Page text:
In an embodiment, the invention includes a polysaccharide hydrolysis reactor including a reactor housing, the reactor housing defining an interior volume, a feedstock input port, and a reaction product output port. The reactor can also include a conveying mechanism disposed within the interior volume of the reactor housing configured to mix and move contents disposed within the interior volume of the reactor housing from the feedstock input port to the reaction product output port. The reactor can also include a PDSD No: 449.0042WOU1 catalyst disposed within the reactor housing, the catalyst comprising a metal oxide selected from the group consisting of zirconia, alumina, hafnia, and titania.

In an embodiment, the invention includes a polysaccharide extraction chamber configured for use with a supercritical fluid (such as water) that is conveyed by a high pressure pump which can then be passed to hydrolysis reactor including a reactor housing, the reactor housing defining an interior volume, a feedstock input port, and a reaction product output port. The reactor can also include a catalyst disposed within the reactor housing, the catalyst comprising a metal oxide selected from the group consisting of zirconia, alumina, hafnia, and titania. Multiple extraction chambers can be extracted in series to make the process semi-continuous and fully automated.

The above summary of the present invention is not intended to describe each discussed embodiment of the present invention. This is the purpose of the figures and the detailed description that follows.

Brief Descriotion of the Fiuures The invention may be more completely understood in connection with the following drawings, in which:

FIG. 1 is a schematic view of a complex carbohydrate reactor in accordance with an embodiment of the invention.

FIG. 2 is a schematic view of a complex carbohydrate reactor in accordance with another embodiment of the invention.

FIG. 3 is a schematic view of an extraction vessel in accordance with an embodiment of the invention.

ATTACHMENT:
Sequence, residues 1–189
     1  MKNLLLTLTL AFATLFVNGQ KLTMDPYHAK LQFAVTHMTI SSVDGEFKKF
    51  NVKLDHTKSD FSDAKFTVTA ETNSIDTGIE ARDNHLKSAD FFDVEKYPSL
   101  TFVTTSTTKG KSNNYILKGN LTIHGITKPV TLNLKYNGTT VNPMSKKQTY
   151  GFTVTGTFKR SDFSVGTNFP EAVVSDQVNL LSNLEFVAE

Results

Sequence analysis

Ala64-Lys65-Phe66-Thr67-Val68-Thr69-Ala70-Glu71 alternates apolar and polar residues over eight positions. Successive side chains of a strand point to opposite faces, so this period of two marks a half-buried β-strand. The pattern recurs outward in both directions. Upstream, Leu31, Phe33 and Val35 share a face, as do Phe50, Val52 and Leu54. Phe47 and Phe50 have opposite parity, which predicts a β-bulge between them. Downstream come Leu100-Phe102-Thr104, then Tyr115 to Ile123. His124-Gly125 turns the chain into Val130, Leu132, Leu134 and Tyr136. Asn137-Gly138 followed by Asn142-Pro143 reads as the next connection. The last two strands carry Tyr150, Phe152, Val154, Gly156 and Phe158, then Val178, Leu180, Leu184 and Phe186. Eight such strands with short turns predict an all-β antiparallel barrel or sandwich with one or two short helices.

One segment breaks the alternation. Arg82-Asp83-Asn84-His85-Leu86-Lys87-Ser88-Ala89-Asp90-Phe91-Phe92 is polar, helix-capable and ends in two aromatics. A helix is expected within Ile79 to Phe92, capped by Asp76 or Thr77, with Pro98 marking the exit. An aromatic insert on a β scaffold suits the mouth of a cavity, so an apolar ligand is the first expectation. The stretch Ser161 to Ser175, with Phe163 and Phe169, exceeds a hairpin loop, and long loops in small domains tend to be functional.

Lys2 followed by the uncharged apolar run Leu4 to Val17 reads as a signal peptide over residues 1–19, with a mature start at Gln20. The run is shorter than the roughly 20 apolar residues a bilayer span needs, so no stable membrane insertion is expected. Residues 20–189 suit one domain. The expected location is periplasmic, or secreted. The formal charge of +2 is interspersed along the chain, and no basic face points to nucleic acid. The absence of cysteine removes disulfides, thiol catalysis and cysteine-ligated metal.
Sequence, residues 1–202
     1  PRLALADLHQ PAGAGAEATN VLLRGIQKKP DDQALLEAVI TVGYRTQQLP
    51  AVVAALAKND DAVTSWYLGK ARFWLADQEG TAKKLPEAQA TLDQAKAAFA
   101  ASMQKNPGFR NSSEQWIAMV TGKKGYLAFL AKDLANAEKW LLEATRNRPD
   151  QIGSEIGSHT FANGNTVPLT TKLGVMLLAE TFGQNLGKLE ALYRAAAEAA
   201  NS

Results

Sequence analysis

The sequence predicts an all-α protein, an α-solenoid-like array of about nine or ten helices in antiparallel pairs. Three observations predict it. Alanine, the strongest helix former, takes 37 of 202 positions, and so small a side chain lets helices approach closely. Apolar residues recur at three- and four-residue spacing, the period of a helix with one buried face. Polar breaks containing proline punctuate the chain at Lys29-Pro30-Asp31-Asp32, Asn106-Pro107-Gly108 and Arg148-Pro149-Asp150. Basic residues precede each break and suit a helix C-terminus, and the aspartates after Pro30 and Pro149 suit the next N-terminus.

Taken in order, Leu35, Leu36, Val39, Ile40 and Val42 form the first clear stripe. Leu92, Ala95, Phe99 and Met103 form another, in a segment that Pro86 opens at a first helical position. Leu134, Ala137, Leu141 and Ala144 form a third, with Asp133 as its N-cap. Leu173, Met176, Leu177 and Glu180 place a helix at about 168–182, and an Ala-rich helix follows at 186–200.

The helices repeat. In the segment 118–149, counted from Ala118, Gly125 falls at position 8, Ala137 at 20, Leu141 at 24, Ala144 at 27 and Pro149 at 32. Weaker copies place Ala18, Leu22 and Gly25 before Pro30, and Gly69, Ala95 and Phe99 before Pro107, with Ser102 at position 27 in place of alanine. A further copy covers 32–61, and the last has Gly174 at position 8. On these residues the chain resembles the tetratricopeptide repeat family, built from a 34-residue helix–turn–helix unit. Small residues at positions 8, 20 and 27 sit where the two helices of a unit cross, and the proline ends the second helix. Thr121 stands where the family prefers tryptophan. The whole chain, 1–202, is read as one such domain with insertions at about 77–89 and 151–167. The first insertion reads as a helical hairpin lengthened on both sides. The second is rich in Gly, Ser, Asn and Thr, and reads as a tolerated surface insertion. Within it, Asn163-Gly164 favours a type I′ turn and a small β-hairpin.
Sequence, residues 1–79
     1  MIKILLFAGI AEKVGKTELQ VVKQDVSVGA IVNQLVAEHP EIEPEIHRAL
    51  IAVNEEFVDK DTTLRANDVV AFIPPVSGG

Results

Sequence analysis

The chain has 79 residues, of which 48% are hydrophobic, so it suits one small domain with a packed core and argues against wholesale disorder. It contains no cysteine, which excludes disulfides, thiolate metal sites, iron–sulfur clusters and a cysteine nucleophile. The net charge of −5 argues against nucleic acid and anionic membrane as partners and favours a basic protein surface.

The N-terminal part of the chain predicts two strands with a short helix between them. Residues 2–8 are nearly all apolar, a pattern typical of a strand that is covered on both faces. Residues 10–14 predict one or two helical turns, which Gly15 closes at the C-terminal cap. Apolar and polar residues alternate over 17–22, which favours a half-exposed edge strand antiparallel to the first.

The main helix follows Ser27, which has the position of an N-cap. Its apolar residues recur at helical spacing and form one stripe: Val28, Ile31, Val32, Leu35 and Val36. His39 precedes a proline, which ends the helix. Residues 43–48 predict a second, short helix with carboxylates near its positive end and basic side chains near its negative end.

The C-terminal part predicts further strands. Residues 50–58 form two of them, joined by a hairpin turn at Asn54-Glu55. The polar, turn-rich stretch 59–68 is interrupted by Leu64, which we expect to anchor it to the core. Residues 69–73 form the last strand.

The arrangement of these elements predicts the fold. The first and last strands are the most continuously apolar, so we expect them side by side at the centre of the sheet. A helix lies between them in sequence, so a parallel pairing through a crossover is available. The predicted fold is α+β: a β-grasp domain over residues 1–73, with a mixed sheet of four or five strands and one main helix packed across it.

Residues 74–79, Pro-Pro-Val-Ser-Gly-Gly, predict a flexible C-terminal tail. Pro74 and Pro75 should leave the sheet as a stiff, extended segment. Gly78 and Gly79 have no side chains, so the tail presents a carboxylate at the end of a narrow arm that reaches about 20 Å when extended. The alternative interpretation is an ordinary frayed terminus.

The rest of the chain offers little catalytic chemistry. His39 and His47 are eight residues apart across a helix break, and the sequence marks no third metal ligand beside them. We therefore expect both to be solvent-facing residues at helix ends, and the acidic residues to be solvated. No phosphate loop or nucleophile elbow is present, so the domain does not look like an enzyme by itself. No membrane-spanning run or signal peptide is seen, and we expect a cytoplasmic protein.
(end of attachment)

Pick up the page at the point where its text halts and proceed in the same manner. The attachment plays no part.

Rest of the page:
While the invention is susceptible to various modifications and alternative forms, specifics thereof have been shown by way of example and drawings, and will be described PDSD No: 449.0042WOU1 in detail. It should be understood, however, that the invention is not limited to the particular embodiments described. On the contrary, the intention is to cover modifications, equivalents, and alternatives falling within the spirit and scope of the invention.

Detailed Description of the Invention The embodiments of the present invention described herein are not intended to be exhaustive or to limit the invention to the precise forms disclosed in the following detailed description. Rather, the embodiments are chosen and described so that others skilled in the art can appreciate and understand the principles and practices of the present invention.
All publications and patents mentioned herein are hereby incorporated by reference. The publications and patents disclosed herein are provided solely for their disclosure. Nothing herein is to be construed as an admission that the inventors are not entitled to antedate any publication and/or patent, including any publication and/or patent cited herein.

The term "complex carbohydrate" as used herein shall refer to chemical compounds having two or more saccharide units. As such complex carbohydrates shall specifically include disaccharides, oligosaccharides, and polysaccharides.

As described above, carbohydrates can serve as a chemical store of energy.